WTO – a missed opportunity for the poor


Trade talks at the World Trade Organisation’s headquarters in Geneva are at an impasse only a few days ahead of the 9th Ministerial Conference in Bali, the organisation’s bi-annual high-level meeting which gives the WTO general directions for its work.

Major media from around the world have portrayed the impasse as a missed opportunity for the world’s poor and a victory for bureaucracy and corruption. It has also been blamed on the stubbornness of developing country elites.

On the negotiation table lies an extensively bracketed text about a future Agreement on Agriculture (AoA), which comprises close to nine per cent of global merchandise, and a supposedly one-trillion dollars deal on Trade Facilitation (TFA).

Trade Facilitation intends to cut down on red tape and modernise import/export handling at the border.

The deal is negotiated to be binding and enforceable with sanctions, and may include some extended time of implementation for developing countries.

Some reports show that the expected gains for the world economy would be US$1 trillion, while other well-reputed resources put the figure at a much-lower US$68 billion.

But no matter how much (and where) the gains are, the WTO has not disclosed or conducted a cost-assessment.

You can’t have state-of-the-art technology and trained staff in your ports, if you have an 80 per cent informality rate – it doesn’t simply match your development level.

Developed countries have shown excessive zeal in promoting standards convergence of customs processing capacity at a multilateral level, as they do with intellectual property rights’ protection and investment protection in regional trade agreements.

At the same time, developed countries are reluctant to accept a proposal tabled by the G33 grouping of developing countries that would enable them to maintain their food security programmes.

These programmes, which are currently in place and running, purchase food from mostly poor farmers for stockholding and food distribution.

Now here is the deal: the advanced countries will agree to abstain from challenging these programmes in the WTO dispute settlement (‘peace clause’) during the next four years, if the developing countries agree to a permanent and binding Trade Facilitation Agreement, without any guarantee that a permanent solution will be found in four years’ time.

The prospect of an Agreement on Development that would encompass special and differential treatment for developing countries and a duty-free quota-free pass for all products that originate in Least Developed Countries (LDCs) are meager and no substantial progress is expected on this front.

Nevertheless, the Doha Development Round is named after a developmental mandate that still hasn’t been delivered after 12 years of negotiations.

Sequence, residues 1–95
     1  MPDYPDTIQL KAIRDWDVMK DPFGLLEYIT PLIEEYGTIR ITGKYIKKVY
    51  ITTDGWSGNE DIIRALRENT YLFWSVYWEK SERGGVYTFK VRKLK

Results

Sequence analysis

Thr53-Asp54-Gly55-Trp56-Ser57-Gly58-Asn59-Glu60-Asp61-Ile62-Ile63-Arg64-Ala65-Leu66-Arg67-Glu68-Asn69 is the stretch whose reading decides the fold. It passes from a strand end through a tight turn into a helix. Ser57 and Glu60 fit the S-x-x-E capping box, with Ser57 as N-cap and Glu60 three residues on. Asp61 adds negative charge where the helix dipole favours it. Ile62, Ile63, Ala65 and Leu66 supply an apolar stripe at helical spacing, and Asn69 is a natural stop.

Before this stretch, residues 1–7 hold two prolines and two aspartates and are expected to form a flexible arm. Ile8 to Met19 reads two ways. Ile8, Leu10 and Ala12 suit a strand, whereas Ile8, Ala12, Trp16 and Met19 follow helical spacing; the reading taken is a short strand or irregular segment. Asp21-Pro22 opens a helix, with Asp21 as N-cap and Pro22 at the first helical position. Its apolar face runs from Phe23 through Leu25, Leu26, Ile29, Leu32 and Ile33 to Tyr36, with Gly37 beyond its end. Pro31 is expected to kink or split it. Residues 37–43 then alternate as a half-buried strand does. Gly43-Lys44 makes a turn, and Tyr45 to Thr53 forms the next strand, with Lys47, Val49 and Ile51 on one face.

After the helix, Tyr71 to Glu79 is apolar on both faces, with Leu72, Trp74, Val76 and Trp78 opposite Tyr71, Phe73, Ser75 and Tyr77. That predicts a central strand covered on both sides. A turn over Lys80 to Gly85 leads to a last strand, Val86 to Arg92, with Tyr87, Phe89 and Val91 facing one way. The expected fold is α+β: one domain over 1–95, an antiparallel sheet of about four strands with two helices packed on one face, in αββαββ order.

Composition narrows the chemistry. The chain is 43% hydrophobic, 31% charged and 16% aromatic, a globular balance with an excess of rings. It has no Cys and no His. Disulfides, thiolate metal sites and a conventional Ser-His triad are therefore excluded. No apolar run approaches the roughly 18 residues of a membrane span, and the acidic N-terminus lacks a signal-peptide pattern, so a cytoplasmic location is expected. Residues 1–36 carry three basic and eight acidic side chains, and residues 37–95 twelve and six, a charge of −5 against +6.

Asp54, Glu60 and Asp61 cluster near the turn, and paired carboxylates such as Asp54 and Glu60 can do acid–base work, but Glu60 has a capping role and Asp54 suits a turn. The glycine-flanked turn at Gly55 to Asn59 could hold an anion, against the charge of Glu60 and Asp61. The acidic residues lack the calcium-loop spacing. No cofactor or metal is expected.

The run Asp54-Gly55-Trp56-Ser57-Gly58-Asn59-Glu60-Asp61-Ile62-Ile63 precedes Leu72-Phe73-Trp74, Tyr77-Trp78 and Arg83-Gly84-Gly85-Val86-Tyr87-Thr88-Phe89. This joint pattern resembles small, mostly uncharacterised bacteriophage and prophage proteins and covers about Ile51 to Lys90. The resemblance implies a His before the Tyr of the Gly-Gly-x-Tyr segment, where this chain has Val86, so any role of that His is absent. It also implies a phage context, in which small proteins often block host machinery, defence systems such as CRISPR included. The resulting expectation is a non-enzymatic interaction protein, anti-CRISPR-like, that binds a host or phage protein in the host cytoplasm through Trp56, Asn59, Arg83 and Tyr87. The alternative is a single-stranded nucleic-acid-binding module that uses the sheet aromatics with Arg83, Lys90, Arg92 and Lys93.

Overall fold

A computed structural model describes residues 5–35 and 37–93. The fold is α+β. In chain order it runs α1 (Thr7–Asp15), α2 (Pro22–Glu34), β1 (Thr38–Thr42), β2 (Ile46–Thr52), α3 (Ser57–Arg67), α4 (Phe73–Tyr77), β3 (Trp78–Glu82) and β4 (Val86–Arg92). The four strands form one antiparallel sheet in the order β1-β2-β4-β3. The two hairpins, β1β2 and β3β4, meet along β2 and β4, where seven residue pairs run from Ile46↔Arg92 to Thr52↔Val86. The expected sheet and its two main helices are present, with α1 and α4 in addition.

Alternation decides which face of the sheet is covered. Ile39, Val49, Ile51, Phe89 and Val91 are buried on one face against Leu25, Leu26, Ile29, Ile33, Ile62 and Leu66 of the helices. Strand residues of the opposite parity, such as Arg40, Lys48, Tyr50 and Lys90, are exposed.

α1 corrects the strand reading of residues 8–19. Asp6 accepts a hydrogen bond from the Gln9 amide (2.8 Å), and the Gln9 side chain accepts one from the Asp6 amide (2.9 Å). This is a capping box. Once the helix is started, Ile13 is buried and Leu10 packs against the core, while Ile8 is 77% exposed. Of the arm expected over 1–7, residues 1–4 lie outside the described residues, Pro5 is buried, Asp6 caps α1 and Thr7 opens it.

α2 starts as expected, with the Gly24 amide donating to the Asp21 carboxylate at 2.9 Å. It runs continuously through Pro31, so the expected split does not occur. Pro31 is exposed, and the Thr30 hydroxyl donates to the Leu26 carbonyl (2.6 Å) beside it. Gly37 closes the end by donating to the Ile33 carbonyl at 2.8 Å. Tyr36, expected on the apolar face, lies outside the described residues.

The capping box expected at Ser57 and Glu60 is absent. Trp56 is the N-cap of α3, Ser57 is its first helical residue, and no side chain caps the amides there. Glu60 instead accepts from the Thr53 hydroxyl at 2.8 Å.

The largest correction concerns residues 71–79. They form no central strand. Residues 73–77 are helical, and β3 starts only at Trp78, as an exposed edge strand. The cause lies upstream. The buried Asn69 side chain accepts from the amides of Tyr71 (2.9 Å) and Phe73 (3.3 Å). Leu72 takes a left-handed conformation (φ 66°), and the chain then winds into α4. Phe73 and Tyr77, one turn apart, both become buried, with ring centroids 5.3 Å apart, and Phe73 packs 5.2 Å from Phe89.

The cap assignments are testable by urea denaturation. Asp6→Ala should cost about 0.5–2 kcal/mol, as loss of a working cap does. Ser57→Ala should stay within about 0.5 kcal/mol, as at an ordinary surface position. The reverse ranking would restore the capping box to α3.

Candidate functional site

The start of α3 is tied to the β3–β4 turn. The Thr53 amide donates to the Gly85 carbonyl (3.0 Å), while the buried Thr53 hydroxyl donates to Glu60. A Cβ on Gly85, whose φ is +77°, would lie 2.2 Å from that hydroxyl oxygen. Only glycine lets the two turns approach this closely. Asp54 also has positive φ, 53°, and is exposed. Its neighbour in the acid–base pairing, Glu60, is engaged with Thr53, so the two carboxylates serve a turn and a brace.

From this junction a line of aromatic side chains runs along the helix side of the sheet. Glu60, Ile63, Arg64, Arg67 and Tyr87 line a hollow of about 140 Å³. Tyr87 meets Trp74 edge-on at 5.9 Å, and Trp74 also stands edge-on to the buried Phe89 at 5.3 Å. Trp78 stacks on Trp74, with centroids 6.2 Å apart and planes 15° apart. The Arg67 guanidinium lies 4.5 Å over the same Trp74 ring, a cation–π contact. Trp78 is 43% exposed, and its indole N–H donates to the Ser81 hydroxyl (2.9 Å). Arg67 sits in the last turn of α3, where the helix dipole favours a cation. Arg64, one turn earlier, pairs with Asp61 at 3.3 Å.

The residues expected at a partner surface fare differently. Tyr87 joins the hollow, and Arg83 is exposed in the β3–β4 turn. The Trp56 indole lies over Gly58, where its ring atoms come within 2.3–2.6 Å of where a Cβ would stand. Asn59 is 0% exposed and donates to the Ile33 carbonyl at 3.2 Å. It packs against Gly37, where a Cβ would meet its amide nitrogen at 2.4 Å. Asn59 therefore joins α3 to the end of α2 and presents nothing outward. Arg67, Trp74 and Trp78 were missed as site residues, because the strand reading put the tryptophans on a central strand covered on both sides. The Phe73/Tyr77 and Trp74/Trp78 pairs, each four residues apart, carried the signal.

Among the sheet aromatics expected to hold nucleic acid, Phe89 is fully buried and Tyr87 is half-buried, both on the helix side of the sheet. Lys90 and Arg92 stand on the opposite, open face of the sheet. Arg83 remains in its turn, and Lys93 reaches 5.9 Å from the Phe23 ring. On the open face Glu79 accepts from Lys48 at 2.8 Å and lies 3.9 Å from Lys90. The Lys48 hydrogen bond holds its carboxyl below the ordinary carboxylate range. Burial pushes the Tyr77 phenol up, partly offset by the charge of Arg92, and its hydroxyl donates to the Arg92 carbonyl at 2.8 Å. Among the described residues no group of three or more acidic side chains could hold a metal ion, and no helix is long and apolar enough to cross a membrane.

Further, developed countries have pushed fiercely for the expansion of the WTO plurilateral agreement on information technology goods (ITA).

ITAs comprise close to 10 per cent of global merchandise, as well as many of the global value chains, especially and signing up to the agreement would severely reduce the development of IT industries in developing countries.

Concurrently there is a largely undetected process that will expand the Government Procurement Agreement (GPA).

Other negotiations taking place are related to the Trade in Services Agreement (TiSA), the conclusion of which will have a significant impact on the structures of the global economy.

Moreover, a plurilateral agreement to liberalise trade in environmental goods (and possibly environmental services) may surface next year and bilateral trade agreements and regional processes will continue to mushroom.

WTO members should reach an agreement, not only to prove that they can all work together and are committed to multilateralism, but also to correct the flaws that are largely responsible for today’s increasing inequalities.

The world’s poor need a permanent solution on the basis of the G33 proposal which would allow them to profit not only as food consumers but also as producers.

Members should also deliver to a private sector that wants trade facilitation, but on a non-binding basis, so that countries with limited capacities are not forced to deliver miracles or face the WTO court.

The TFA needs to be balanced in promoting import and export facilitation and provide for capacity building and resources if developing countries decide to join.

Bilateral and regional agreements risk dividing world trade along geopolitical lines.

In light of this reality, WTO needs to maintain its status as the global rules-maker on trade, and in order to achieve this, WTO members need to re-orientate negotiations to satisfy the developmental mandate of the Doha Round.

Simply put, they need to make trade work for all its members. The current negotiations are far from doing that.